Reading a large SQL Errorlog

I came across an interesting situation recently where a SQL instance had been configured with the Audit of successful and failed logins being written to the errorlog.

ie

image

This meant… every time a user or the application connected to the SQL instance – an entry was written to the errorlog.

This meant…  huge SQL Server errorlogs.

Opening an errorlog in the usual way, using SQL management studio, was extremely slow…

Luckily, I was able to use xp_readerrorlog to work around this – here’s some example queries..

 

To show errorlog entries from the currently active log, just for today :-


DECLARE @now DATETIME

DECLARE @midnight DATETIME

SET @now = GETDATE()

SET @midnight =  DATEADD(d, DATEDIFF(d, 0, getdate()), 0)

EXEC xp_readerrorlog 0,1,NULL,NULL,@midnight,@now

 

To find out how big the current errorlog actually is, and what the earliest and most recent entries are in the errorlog :-


CREATE TABLE #temp_errorlog (Logdate DATETIME, ProcessInfo VARCHAR(20),Text VARCHAR(4000))

INSERT INTO #temp_errorlog EXEC xp_readerrorlog 0 -- for current errorlog
SELECT COUNT(*) AS 'Number of entries in errorlog', MIN(logdate) AS 'ErrorLog Starts', MAX(logdate) AS 'ErrorLog Ends'
FROM #temp_errorlog

DROP TABLE #temp_errorlog

To show just DBCC history  information in the current errorlog :-

EXEC xp_readerrorlog 0,1,'dbcc'

 

To show backup errorlog entries in the current errorlog :-

CREATE TABLE #temp_errorlog (Logdate DATETIME, ProcessInfo VARCHAR(20),Text VARCHAR(4000))

INSERT INTO #temp_errorlog EXEC xp_readerrorlog 0 -- for current errorlog
SELECT * from #temp_errorlog WHERE ProcessInfo = 'Backup' ORDER BY Logdate

DROP TABLE #temp_errorlog

XP_Errorlog is an undocumented system stored procedure – so no official Microsoft link describing the parameters it takes – however,  there’s a good blog on this here

And, if you do have a problem with huge errorlogs – please consider running system stored procedure  sp_cycle_errorlog on a nightly or regular basis.  But if you do this,  remember to change the amount of errorlogs you do retain – the default of 6 might not be sufficient for you….

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Reducing Deadlocks - not a DBA issue ?

 

As a DBA, I'm involved on an almost daily basis troubleshooting 'SQL Server' performance issues. Often, this troubleshooting soon veers away from a 'its a SQL Server issue' to instead become a wider application/database design/coding issue.

One common perception with SQL Server is that deadlocking is an application design issue - and is fixed by recoding...  I see this reinforced by MCP-type questions/scenarios where the answer to prevent deadlocking is simply to change the order in code in which tables are accessed....

Whilst this is correct, I do think this has led to a situation where many 'operational' or 'production support' DBAs, when faced with a deadlock, are happy to throw the issue over to developers without analysing the issue further....

A couple of 'war stories' on deadlocks which I think are interesting :- 

Case One , I had an issue recently on a third-party application that I support on SQL 2008. 

This particular third-party application has an unusual support agreement where the customer is allowed to change the index design on the third-party provided database. 

However, we are not allowed to alter application code or modify table structure..

This third-party application is also known to encounter occasional deadlocks – indeed, I have documentation from the vendor that up to 50 deadlocks per day is not unusual !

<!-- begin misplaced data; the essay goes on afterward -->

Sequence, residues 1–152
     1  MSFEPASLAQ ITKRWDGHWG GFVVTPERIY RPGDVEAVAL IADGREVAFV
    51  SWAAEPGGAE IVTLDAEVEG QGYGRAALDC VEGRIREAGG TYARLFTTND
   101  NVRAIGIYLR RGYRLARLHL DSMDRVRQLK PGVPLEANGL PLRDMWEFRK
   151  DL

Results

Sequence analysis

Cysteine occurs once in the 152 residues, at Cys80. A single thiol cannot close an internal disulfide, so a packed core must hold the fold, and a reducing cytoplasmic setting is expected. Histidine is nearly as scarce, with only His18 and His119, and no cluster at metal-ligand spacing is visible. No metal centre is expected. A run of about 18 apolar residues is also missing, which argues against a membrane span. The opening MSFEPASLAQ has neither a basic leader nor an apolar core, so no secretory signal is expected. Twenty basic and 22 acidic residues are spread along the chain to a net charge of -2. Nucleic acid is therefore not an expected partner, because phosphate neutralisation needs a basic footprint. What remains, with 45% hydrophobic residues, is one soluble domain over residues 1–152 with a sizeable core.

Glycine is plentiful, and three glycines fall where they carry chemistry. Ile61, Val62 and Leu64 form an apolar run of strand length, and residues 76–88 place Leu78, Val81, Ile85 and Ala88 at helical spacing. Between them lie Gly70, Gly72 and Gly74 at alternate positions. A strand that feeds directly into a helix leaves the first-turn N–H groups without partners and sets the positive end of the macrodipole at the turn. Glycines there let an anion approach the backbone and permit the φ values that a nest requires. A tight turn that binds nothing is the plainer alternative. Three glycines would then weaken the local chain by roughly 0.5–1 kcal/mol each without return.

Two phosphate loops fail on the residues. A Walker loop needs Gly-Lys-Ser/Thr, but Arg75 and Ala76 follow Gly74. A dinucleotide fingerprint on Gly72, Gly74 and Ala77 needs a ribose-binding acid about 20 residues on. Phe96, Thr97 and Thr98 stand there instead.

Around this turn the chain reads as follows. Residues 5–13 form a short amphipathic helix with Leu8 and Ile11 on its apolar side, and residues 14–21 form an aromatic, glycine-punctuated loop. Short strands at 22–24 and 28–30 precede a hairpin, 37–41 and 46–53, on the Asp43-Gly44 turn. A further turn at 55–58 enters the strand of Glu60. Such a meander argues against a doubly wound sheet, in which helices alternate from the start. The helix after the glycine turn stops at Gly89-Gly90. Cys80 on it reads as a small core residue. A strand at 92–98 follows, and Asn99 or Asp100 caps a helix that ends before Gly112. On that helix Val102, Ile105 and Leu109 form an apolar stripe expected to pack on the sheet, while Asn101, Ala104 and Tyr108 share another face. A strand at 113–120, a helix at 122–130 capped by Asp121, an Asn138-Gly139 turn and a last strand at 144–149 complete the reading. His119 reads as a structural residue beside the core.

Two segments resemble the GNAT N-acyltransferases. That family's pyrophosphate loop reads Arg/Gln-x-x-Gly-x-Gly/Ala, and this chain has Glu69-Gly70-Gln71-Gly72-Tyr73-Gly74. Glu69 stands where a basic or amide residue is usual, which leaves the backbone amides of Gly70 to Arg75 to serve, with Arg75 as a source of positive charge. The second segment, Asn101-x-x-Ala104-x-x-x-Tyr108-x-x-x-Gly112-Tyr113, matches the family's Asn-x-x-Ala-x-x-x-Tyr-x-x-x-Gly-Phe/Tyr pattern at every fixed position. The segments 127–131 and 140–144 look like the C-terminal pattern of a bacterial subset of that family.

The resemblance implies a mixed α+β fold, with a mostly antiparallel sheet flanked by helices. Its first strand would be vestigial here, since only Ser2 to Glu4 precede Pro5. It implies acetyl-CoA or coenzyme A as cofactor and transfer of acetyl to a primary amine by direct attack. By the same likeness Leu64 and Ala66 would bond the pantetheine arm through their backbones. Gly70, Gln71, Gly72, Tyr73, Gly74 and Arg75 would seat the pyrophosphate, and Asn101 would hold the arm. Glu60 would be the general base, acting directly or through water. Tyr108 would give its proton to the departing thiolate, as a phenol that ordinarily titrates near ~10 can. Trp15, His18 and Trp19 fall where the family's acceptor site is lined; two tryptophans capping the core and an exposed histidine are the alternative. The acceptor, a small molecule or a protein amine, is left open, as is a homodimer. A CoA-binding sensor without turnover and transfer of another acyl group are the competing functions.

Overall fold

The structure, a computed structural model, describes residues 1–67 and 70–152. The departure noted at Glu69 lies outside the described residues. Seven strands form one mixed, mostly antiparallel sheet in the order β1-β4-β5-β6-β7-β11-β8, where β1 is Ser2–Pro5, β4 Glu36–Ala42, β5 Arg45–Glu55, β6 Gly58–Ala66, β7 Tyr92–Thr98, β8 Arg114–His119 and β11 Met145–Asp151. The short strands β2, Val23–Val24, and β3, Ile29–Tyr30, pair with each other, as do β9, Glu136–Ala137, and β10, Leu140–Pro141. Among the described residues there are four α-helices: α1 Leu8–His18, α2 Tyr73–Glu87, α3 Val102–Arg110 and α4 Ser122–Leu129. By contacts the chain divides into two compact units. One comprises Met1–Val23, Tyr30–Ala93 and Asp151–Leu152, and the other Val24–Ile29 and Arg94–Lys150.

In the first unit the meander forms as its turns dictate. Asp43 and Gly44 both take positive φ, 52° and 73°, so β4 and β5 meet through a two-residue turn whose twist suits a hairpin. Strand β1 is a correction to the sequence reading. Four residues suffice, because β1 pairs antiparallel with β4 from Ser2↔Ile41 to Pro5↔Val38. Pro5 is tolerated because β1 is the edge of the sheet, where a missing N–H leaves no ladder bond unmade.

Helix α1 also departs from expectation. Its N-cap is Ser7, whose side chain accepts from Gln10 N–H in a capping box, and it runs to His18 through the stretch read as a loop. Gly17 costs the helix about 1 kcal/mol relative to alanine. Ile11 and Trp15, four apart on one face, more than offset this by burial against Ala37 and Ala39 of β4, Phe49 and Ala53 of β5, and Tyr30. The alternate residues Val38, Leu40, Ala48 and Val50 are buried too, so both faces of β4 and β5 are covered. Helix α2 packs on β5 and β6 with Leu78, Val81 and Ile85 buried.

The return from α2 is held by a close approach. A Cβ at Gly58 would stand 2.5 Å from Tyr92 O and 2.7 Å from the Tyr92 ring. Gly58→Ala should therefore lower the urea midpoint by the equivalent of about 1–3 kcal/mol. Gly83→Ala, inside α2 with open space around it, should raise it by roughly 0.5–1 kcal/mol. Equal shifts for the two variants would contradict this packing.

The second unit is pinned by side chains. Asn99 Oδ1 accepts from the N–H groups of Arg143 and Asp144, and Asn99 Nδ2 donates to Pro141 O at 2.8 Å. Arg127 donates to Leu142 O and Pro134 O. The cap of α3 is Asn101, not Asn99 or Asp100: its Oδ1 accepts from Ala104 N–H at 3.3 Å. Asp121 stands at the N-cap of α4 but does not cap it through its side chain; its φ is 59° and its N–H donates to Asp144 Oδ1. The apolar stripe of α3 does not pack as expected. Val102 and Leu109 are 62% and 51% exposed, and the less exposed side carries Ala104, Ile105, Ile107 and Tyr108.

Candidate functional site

So, as a DBA I have to support an application which in my opinion has too many deadlocks - but, I cannot influence the design of the tables or stored procedures for the application.

This should be the classic - blame the third-party developers scenario, and hope this issue gets addressed in a future application release - ie we could wait years for this to be resolved and implemented in our production environment...

But, as DBAs  can change the index layout, is there anything I could do still to reduce the deadlocks in the application ?

I initially used SQL traceflag 1222 to write deadlock detection output to the SQL Errorlog – using this I was able to identify one table heavily involved in the deadlocks.

When I examined the table definition, I was surprised to see it was a heap – ie no clustered index existed on the table.

Using SQL profiler to see locking behaviour and plan for the query involved in the deadlock, I was able to confirm a table scan was being performed.

By creating an appropriate clustered index - it was possible to produce a more efficient plan and locking behaviour.

So, less locks, held for less time = less possibility of deadlocks.

I'm still unhappy about the overall number of deadlocks on this system - but that's something to be discussed further with the vendor.

Case Two,  a system which hadn't changed for months suddenly started seeing deadlocks on a regular basis. I love the 'nothing's changed' scenario, as it gives me the opportunity to appear wise and say 'nothings changed on this system, except the data'.. 

This particular deadlock occurred on a table which had been growing rapidly. By using DBCC SHOW_STATISTICS - the DBA team were able to see that the deadlocks seemed to be occurring shortly after auto-update stats had regenerated the table statistics using it's default sampling behaviour.

As a quick fix, we were able to schedule a nightly UPDATE STATISTICS WITH FULLSCAN on the table involved in the deadlock - thus, greatly reducing the potential for stats to be updated via auto_update_stats, consequently reducing the potential for a bad plan to be generated based on an unrepresentative sample of the data. This reduced the possibility of a deadlock occurring.  

Not a perfect solution by any means, but quick, easy to implement, and needed no application code changes. 

This fix gave us some 'breathing space'  to properly fix the code during the next scheduled application release.

 

 The moral of this post - don't dismiss deadlocks as issues that can only be fixed by developers...